Wednesday, May 14, 2008

Speed - the Multifaceted Road Demon

A big pickup truck barrels through a narrow residential neighborhood. There is a stop sign 200 metres down the street, yet the truck rockets towards it like it is a drag strip finish line. The brake lights suddenly appear at about 10-15 feet from the stop sign. What a rush - that must be for the heroic driver. Congratulations, you have learned how to press on that gas pedal, while you travel unprepared to stop in a street where a kid, or car can pop out onto the road any second. Hurray! A pat on your back for your skill and bravery.

How typical this style of driving is in the old city. A sudden burst of gas, the Start! The "my car is more powerful than yours" Acceleration, and then the Reset, i.e., stopping at that next red light 100's of metres away. A green light signals the Repeat.

There are so many things wrong with that driving habit. One big one, is that it eats up more gas, hence, creates more fuel demand, hence affects rising gas prices. Two, it is unnecessary to be weaving in and out of traffic, often in close proximity to other vehicles, and without signaling, it's the opposite of courteous. Three, it increases the risk of accidents and injuries, especially the frequent running red lights, and driving through crosswalks with pedestrians waiting to cross. Why someone at the MUN crosswalk by CBC has not been hit is amazing.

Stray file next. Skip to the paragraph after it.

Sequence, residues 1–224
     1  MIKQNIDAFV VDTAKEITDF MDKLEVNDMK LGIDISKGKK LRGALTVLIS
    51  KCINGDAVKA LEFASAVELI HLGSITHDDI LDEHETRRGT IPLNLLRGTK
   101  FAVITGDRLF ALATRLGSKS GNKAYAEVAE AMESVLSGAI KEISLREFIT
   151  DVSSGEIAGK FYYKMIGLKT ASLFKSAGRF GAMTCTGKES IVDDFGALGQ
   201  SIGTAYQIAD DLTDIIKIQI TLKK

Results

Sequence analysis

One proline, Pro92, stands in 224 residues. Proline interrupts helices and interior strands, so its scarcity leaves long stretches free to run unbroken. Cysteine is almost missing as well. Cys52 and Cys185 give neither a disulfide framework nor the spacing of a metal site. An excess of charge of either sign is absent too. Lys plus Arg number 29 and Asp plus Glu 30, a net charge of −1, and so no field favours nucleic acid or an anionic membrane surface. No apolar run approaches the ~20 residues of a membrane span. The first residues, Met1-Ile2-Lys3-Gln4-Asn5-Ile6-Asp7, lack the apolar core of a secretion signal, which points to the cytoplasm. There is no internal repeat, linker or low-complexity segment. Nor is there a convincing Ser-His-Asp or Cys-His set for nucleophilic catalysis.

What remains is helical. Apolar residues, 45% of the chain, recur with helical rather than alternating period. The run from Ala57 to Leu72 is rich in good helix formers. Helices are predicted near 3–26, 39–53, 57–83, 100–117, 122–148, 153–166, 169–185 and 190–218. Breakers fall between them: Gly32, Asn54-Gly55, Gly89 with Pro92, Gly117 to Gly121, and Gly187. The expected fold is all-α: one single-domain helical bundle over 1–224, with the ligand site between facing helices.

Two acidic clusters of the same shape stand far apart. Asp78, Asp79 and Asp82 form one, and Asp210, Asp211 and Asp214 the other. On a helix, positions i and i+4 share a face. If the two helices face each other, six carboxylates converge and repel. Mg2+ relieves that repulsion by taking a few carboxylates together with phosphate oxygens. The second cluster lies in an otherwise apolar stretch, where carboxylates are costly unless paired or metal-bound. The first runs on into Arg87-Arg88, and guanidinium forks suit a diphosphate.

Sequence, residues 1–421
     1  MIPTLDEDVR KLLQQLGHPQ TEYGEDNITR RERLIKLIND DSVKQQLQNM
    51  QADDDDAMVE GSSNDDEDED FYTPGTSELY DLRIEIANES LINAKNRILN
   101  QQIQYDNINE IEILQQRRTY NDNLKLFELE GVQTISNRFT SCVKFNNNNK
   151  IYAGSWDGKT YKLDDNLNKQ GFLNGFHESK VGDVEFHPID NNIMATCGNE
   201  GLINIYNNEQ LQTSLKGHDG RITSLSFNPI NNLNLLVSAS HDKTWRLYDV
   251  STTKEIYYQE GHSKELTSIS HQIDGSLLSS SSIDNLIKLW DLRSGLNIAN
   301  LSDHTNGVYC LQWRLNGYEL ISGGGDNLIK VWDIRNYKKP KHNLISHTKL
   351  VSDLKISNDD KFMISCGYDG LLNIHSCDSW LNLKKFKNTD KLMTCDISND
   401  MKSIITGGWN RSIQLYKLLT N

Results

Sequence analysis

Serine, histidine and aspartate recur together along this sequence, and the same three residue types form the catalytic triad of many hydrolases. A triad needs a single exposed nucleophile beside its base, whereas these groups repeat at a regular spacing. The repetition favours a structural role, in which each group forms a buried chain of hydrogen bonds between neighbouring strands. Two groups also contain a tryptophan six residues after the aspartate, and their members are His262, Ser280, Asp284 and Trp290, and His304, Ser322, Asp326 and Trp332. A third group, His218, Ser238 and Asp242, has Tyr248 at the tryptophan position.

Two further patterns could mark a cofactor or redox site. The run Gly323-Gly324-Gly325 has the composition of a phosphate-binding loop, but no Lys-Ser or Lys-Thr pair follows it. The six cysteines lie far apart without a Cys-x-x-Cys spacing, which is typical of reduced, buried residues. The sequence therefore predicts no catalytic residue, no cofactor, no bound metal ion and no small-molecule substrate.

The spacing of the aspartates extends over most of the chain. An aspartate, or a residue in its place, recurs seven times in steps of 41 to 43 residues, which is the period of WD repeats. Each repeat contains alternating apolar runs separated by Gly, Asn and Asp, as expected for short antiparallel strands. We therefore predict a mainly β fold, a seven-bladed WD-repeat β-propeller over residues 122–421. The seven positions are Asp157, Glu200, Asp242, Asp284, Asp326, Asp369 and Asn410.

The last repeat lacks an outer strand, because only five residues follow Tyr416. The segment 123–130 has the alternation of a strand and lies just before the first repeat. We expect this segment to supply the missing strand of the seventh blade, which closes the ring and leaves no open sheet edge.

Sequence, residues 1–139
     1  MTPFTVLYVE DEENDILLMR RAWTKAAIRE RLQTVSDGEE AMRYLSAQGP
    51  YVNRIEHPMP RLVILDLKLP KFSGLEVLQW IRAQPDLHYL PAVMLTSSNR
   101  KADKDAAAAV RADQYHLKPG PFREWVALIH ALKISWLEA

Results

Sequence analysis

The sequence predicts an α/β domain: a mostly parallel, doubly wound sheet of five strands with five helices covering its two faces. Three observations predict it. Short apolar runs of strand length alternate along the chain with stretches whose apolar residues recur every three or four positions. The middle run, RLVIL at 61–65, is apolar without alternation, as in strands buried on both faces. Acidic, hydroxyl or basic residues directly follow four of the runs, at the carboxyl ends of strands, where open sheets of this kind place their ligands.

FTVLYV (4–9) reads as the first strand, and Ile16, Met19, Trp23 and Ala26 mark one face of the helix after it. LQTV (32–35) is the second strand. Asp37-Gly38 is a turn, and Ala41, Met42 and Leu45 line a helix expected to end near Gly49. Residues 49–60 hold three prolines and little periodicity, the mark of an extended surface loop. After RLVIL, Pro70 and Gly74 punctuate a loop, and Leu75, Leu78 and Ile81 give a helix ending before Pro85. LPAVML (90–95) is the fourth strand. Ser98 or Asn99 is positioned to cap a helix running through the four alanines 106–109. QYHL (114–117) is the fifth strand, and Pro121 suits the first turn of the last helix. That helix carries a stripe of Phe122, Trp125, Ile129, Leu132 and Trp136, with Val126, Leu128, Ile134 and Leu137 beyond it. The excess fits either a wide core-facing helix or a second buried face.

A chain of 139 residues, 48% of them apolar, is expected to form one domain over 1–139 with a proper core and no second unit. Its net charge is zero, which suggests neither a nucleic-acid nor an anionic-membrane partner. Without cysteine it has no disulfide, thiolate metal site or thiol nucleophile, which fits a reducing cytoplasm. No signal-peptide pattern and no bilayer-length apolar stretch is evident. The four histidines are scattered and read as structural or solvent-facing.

Fourth, forget trying keep a little distance between yourself and the driver ahead. It's seen as an invite to ignorantly swerve in this gap and irritate you more. More inane driving, more accidents, higher insurance rates for all.

Around these parts, you have to be concerned for your tires and minimizing car damage, due to the rut-riddled roads. It requires cautious road navigation skills, and often means slowing down to meander through the minefields. But that doesn't stop some drivers from practically pushing you out of the way, or threatening to pass where there is a no pass street.

Driving too fast and rude reckless driving burns more gas, creates more gas demand which drives prices up, raises the chances of accidents and injuries, and drives insurance rates up, and probably people's blood pressure. Driving fast should not be equated with good driving, or how "on the go I am", or a measure of one's importance, rather, it is what it is, a bloody menace.

No comments: